Danny Barker and Bela Fleck are the opposite ends of the jazz banjo timeline. Barker is a survivor from the banjo’s first heyday, before the advent of the electric guitar; Bela has been credited with taking it to new levels, and introducing a whole new generation to the instrument.
Recently, both banjoists spoke with OffBeat: Bela, by telephone from the West Coast, two days after he performed on “The Tonight Show”; Barker, from the porch of his house a couple of blocks off St. Bernard Avenue. Barker and Bela’s paths crossed last November at the Banjo Institute convention in Tennessee. Both musicians participated in the convention’s “Banjo Meltdown,” a marathon showcase of five-string (and in Barker’s case, six-string) talent.
Bela said he was well aware of Barker’s position in banjo history prior to meeting him, and was familiar with his work by way of Barker’s contributions to Wynton Marsalis’ The Majesty of the Blues. Barker wasn’t really familiar with Bela’s work until a visitor screened Fleck’s Flight Of the Cosmic Hippo for him.
Though separated by 50 years, the two men share similar opinions on numerous subjects related to jazz and the banjo. What follows amounts to a side-by-side conversation with Where It Came From and Where It’s Going.
The musical compatibility between the two may not be obvious. But Barker was eager to hear Bela’s stuff.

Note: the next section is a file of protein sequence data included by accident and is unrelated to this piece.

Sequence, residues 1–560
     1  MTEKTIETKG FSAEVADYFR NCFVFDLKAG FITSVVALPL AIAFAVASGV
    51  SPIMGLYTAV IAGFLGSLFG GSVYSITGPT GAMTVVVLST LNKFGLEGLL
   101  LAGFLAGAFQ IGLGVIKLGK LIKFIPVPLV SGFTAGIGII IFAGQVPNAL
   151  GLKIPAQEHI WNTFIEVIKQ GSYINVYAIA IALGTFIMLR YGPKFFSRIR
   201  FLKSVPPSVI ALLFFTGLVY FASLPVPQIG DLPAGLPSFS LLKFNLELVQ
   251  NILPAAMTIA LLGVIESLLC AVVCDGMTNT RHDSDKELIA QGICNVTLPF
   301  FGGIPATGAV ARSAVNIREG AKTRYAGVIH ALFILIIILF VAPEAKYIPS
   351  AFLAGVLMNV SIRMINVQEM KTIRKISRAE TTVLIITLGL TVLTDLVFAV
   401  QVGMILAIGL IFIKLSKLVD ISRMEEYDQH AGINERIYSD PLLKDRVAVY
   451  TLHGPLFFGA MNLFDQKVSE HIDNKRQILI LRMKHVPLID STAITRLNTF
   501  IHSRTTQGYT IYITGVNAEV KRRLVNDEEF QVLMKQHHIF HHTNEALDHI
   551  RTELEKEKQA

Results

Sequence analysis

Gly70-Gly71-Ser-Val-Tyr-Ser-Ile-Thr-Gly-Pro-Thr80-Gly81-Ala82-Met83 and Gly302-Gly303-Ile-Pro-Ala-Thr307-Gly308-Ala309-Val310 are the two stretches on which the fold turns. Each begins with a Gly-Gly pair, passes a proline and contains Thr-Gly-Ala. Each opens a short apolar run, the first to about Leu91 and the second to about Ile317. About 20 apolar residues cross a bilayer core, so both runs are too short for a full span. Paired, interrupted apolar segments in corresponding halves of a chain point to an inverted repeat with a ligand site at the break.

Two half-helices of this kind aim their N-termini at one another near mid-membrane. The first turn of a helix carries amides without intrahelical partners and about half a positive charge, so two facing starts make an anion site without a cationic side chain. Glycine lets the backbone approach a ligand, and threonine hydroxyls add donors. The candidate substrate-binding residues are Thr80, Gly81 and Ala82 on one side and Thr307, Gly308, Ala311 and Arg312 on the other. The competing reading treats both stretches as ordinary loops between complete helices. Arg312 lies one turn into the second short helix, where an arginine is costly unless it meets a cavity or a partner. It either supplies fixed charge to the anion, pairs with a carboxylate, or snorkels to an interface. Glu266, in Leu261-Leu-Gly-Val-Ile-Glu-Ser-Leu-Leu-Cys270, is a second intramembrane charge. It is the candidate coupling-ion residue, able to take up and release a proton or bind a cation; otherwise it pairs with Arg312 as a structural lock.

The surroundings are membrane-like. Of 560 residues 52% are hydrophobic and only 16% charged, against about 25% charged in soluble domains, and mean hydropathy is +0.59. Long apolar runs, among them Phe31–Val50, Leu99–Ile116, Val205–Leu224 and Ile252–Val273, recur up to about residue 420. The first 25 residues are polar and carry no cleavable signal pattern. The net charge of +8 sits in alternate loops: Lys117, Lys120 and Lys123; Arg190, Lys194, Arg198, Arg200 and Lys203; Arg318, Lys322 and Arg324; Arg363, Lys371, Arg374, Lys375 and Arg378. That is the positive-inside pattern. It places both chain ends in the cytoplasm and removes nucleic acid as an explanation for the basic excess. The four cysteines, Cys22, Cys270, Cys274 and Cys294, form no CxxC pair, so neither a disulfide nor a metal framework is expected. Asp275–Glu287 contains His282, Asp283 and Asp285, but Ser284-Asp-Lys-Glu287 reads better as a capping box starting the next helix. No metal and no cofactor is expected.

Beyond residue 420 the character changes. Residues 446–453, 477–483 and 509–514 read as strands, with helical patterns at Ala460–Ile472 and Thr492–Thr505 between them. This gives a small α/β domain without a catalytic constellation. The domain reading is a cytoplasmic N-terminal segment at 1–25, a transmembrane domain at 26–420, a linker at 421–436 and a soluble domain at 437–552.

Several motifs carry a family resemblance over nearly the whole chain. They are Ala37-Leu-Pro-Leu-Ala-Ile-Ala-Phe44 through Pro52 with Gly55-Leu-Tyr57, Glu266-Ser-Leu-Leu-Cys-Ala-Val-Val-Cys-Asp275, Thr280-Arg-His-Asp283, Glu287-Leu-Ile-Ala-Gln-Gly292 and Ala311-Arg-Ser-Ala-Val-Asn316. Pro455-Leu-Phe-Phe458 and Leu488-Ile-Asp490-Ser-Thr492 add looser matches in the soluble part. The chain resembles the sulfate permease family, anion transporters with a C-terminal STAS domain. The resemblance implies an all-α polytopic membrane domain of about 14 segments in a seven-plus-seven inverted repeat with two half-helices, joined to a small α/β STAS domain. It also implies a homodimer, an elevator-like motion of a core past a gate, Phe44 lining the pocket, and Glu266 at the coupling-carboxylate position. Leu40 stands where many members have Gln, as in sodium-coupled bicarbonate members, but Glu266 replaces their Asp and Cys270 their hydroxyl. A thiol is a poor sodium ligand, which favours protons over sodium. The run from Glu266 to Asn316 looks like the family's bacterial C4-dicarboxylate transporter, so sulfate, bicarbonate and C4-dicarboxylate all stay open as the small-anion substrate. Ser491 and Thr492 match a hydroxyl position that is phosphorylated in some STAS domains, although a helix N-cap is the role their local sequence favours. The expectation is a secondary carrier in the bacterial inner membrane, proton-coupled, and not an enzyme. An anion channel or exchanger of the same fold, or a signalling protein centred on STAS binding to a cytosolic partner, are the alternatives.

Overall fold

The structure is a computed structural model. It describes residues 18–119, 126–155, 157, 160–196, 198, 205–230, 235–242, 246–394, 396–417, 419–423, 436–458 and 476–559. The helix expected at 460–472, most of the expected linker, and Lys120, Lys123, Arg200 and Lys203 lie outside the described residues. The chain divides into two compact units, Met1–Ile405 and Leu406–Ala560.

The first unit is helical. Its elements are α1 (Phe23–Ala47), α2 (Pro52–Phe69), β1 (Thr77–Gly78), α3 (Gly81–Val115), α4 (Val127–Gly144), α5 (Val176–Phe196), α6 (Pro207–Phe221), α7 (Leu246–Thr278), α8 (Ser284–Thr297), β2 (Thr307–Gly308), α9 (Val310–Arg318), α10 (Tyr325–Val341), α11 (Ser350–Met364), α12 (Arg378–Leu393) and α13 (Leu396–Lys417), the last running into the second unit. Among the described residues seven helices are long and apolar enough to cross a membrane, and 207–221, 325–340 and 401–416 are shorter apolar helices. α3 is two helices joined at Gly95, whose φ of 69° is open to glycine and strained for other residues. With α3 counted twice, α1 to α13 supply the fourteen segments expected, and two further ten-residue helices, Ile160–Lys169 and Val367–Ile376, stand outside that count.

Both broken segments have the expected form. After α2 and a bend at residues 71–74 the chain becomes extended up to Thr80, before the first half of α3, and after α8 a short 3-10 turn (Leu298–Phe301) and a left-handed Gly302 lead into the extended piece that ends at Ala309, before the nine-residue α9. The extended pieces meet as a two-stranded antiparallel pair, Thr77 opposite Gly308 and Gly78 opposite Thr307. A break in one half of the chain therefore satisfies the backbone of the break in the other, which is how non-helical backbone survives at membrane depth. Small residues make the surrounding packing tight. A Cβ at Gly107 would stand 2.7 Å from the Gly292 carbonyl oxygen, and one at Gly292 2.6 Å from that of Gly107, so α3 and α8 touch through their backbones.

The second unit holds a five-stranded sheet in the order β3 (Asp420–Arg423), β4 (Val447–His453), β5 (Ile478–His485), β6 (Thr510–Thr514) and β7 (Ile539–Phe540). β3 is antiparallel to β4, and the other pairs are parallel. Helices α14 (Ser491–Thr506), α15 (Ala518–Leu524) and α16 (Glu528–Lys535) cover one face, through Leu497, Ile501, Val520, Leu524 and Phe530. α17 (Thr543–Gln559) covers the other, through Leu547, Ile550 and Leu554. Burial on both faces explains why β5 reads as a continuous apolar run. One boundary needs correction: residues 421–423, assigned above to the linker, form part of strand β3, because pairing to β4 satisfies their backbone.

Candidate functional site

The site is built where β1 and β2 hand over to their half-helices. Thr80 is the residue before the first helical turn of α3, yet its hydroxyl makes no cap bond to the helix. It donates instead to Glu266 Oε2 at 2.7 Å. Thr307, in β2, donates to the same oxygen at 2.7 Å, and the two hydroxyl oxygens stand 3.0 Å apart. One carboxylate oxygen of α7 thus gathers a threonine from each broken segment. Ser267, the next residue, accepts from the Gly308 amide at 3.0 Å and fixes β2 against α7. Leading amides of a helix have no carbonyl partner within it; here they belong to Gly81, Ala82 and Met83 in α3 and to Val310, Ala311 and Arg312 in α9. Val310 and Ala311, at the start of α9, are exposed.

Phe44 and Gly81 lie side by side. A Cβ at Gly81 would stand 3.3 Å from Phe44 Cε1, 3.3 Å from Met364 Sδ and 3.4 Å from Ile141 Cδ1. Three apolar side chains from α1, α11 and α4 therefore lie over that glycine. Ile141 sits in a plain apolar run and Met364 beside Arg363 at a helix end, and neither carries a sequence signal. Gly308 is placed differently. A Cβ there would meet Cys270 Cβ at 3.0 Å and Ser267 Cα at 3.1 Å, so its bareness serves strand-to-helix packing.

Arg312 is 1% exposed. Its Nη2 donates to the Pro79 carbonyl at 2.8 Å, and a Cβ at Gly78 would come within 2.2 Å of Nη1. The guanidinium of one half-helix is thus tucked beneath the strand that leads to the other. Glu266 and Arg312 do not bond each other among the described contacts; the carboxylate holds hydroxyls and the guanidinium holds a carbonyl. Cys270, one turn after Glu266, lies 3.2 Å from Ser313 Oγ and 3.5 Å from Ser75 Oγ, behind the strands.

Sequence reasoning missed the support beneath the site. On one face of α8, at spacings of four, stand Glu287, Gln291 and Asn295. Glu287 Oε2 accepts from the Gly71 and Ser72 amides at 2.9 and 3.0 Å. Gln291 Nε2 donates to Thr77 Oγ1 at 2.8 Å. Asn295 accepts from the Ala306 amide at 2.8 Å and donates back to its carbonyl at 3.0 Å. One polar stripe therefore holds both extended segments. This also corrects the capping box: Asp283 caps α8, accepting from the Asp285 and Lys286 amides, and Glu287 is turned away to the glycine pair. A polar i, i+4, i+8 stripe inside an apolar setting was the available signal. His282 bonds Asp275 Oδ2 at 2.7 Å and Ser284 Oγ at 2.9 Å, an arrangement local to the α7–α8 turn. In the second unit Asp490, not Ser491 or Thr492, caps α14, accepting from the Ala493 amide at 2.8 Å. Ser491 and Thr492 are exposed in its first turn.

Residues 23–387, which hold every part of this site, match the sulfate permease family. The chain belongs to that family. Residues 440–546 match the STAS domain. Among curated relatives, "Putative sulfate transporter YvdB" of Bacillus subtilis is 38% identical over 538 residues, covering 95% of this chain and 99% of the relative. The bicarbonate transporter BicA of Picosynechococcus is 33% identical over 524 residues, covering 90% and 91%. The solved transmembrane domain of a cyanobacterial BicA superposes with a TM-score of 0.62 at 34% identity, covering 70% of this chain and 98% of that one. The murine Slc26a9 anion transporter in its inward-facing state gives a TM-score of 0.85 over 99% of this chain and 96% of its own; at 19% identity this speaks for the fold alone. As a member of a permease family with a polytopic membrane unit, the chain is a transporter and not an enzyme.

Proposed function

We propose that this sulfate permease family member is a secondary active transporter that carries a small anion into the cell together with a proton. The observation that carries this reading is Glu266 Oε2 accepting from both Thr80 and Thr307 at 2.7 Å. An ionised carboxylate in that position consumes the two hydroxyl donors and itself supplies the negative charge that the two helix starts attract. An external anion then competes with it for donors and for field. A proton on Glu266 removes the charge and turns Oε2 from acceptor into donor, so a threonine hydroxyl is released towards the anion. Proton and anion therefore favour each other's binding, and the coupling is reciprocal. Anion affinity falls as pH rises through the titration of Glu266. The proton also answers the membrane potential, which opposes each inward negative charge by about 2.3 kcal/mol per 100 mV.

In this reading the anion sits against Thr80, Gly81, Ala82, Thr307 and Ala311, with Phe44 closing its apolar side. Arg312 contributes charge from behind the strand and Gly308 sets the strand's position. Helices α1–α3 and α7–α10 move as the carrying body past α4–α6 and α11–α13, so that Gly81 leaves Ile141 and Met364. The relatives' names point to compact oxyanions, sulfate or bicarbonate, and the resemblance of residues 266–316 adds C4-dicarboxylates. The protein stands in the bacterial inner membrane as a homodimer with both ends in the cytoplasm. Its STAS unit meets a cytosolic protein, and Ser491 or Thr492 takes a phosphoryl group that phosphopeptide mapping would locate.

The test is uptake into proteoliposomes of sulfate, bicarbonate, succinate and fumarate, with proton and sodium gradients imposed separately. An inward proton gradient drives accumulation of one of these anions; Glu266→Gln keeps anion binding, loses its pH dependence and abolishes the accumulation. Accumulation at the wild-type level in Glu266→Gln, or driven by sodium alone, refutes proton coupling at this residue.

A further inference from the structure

He listened to Flight‘s first cut, the jazzy “Blu-Bop.”
“That’s wild…that’ s one helluva sound.”
Later, he added, “It’s a whole new approach to it. It’s going to make that instrument popular again.”
He asked for a copy of the tape.
Barker, 82, is the pioneer. As a child, his first instrument was the clarinet. He moved on to the ukelele, and made the jump to the banjo at the age of 13. For the next sixty years, he would alternate between banjo and guitar. Based out of New York and New Orleans, he played with many of the greats: Louis Armstrong, Jelly Roll Morton, Cab Calloway, Charlie Parker, Billie Holiday. As jazz grew up, he was right there with it.
He’s now regarded as one of New Orleans’ elder jazz statesmen, an originator of jazz banjo, and a keeper of the flame. His most recent album was 1989’s Save the Bones. He regularly performs at the Palm Court Jazz Cafe, and attracted a sizeable crowd at the Chicago Jazz Fest last month.
Why the banjo and jazz parted company: